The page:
Longer Range Wireless Power has Arrived with Ossia’s Cota Technology

Originally posted by Eric Olson on Electronics360

Imagine never again having to bother plugging your smartphone in to recharge at night. That capability already exists in Qi inductive charging. But this is limited to distances of only a few inches, requiring devices equipped with the technology to be set down on a charging pad. A new system known as Cota® can safely deliver targeted power to devices at longer distances up to 30 ft (9 m) without cables.

Cota, by Ossia Inc., delivers energy wirelessly using radio frequency (RF) technology similar to Wi-Fi. It sends a directed power-carrying RF signal that does not require line of sight to gadgets that can be in motion. It does not interfere with other wireless technologies and can power a variety of devices such as smartphones, wearables, sensors, internet of things (IoT) devices and batteries.

Cota works by establishing paths between receivers and transmitters with beacon signals and then beaming power-carrying RF signals along those routes. Source: Ossia, Inc.Cota works by establishing paths between receivers and transmitters with beacon signals and then beaming power-carrying RF signals along those routes. Source: Ossia, Inc.

The Cota system consists of two main components: a tiny silicon chip receiver and a larger transmitter. The Cota receiver establishes routes to the transmitter by sending it beacon signals at a rate of a hundred per second. These signals can bounce off walls and objects but are blocked by living organisms such as people.

The Cota transmitter contains thousands of small antennas that each receive the beacon signals at slightly different angles. Calculating the variance between those angles allows the transmitter to establish the receiver’s exact location and the path back to it, along which an RF signal carrying power is safely beamed.

The system also includes a cloud-based software component called Cota Cloud that allows users to manage which devices receive power in real-time.

Ossia unveiled the technology at CES 2016. Since then, the company has made progress miniaturizing the transmitters. They are now available as panels called Cota Tiles that can be mounted discreetly on a wall or ceiling, with a charging range of up to 30 ft (9 m).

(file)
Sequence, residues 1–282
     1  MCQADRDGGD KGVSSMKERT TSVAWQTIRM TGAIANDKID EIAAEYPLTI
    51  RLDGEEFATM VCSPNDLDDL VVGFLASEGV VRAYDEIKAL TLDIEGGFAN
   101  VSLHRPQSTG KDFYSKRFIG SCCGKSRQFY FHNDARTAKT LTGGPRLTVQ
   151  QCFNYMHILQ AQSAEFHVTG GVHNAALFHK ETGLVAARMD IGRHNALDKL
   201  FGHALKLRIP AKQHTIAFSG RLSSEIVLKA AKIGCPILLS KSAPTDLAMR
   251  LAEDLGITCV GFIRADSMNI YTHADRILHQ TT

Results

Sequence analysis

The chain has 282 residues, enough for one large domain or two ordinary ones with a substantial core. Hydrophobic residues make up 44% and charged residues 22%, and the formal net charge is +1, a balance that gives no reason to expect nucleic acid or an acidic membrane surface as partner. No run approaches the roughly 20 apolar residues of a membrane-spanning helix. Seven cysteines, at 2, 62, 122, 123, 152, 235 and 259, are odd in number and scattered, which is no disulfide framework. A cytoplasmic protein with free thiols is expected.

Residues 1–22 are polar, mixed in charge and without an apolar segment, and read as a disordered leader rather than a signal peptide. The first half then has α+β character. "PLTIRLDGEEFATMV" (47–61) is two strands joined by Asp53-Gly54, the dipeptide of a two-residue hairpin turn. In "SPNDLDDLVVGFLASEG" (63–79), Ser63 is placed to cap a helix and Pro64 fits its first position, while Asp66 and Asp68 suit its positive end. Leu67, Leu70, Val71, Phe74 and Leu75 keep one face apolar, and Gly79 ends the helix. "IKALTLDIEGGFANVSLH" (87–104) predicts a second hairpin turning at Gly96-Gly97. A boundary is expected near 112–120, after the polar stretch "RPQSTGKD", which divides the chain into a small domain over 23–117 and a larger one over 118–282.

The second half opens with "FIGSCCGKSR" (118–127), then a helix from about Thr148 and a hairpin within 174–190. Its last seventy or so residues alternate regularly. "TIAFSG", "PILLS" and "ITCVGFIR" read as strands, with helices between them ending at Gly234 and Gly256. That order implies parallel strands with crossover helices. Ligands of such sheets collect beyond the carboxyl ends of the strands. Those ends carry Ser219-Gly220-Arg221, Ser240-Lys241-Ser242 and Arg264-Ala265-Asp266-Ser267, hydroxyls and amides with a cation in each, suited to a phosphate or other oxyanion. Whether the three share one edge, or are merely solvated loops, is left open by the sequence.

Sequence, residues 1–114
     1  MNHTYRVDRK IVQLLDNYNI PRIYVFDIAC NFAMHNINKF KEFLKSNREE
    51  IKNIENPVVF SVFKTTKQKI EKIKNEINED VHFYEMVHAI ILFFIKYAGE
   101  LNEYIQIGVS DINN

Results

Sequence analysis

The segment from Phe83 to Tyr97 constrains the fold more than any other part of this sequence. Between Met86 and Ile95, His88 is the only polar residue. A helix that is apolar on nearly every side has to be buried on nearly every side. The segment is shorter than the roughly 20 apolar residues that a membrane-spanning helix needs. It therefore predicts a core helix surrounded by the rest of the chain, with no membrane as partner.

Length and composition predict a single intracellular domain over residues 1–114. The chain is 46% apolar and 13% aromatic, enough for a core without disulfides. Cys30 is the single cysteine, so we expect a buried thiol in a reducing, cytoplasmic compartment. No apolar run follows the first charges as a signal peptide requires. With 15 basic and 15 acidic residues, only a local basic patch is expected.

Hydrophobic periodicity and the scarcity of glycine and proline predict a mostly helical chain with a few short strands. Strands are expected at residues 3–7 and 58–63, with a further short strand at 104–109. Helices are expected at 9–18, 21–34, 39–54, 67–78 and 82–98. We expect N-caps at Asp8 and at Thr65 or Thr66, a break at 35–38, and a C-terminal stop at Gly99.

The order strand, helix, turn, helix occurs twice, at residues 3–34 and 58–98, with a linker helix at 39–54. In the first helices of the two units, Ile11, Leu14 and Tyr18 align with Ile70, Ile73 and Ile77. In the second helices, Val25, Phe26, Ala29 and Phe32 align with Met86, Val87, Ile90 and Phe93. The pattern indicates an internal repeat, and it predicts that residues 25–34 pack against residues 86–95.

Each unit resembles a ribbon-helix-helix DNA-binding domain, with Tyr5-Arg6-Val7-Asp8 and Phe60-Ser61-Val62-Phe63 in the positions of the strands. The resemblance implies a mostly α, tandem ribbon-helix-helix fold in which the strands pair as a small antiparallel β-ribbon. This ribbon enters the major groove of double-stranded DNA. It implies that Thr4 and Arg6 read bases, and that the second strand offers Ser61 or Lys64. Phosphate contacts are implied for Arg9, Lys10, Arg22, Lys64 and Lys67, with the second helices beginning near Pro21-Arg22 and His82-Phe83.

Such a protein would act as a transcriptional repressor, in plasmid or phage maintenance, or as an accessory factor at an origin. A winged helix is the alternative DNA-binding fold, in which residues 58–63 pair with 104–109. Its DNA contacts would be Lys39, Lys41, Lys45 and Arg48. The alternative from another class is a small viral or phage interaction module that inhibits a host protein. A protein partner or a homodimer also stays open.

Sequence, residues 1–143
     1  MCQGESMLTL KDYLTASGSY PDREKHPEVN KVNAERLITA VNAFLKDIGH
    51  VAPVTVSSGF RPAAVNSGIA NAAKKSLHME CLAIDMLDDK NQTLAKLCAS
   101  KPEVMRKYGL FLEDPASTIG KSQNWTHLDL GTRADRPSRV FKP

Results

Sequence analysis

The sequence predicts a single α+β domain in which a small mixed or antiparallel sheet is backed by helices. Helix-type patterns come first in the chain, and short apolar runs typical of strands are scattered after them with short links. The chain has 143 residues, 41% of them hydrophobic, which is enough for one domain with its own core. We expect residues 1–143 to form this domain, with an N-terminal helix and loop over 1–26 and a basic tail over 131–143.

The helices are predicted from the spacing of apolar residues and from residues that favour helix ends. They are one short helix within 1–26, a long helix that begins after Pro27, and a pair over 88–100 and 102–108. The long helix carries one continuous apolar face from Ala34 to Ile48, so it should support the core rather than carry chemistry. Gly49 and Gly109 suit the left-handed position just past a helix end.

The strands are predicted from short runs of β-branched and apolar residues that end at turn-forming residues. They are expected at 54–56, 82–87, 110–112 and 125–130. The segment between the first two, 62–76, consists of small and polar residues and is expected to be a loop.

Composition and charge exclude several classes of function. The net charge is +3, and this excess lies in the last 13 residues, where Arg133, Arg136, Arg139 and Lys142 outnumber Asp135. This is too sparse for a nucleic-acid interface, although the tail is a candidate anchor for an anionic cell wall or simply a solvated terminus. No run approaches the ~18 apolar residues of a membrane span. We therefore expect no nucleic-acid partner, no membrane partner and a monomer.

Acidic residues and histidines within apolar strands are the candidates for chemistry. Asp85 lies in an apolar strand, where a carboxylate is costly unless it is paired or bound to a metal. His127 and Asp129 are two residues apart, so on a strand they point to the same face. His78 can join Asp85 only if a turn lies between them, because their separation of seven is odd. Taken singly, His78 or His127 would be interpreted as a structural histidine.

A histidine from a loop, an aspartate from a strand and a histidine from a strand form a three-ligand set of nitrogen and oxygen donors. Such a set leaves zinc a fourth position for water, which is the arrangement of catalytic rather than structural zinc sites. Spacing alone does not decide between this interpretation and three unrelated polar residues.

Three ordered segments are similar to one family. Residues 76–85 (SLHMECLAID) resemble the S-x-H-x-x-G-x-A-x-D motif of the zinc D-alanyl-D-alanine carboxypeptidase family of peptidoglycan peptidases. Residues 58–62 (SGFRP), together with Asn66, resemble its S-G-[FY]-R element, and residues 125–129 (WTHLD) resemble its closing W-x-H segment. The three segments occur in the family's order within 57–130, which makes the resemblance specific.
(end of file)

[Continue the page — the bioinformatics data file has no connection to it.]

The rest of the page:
The next iteration of the technology was announced during CES 2018. With reduced AC input power requirements, from 450 W to 140 W, the Next-Gen Cota Tile improves efficiency by 70 percent. It also delivers 10 percent more power to receivers with the same number of antennas, while cutting weight by 40 percent and cost by 25 percent.

Ossia hopes to get its technology into consumers’ hands as soon as possible. At CES Unveiled last November, it debuted the Cota Forever Battery™, the world’s first wirelessly powered replacement for disposable and rechargeable batteries. With the same form factor and footprint as regular AA batteries, Forever Batteries contain Cota RF receiver chips for wireless recharging. By retrofitting gadgets that run on the traditional type of power storage, including IoT devices like thermostats, security systems and leak detectors, Ossia hopes to build confidence in its wireless technology. Ultimately, the company wants to assist manufacturers in building Cota chips directly into every device that needs power.

Transmitters can be hidden discreetly in the ceiling as Cota Tiles. Source: Ossia Inc.Transmitters can be hidden discreetly in the ceiling as Cota Tiles. Source: Ossia Inc.

"Forever Battery bridges the gap between the battery-wire age and the wireless power era," said Mario Obeidat, CEO at Ossia. "When people see how Cota Real Wireless Power can be implemented in a AA battery, they will start to see the vision of Cota everywhere. The Forever Battery will create awareness of Cota and provide confidence that devices will be powered when it matters."

Ossia is also looking to move its technology into vehicles. A joint venture announced during CES 2018 between Ossia and Motherson Innovations, a subsidiary of SMRPBV, seeks to integrate Cota wireless power technology into passenger, commercial and public transportation vehicles. The joint venture aims to develop solutions that deliver power wirelessly to occupants’ personal devices, as well as to various sensors in and around the vehicle such as brake sensors, key fobs and tire pressure gauges. It hopes to have its systems deployed in private and public vehicles by 2021.

"Our customers want access to the most advanced technologies available today," said Vaaman Sehgal, Vice Chairman of Motherson, in a press release. "After extensive evaluation of multiple wireless power companies, we have chosen Ossia as our preferred partner and are investing to be a part of the broader Cota ecosystem. Wirelessly powering the in-cabin experience and various other sensors is a tremendous technological advancement for both vehicle manufacturers and consumers."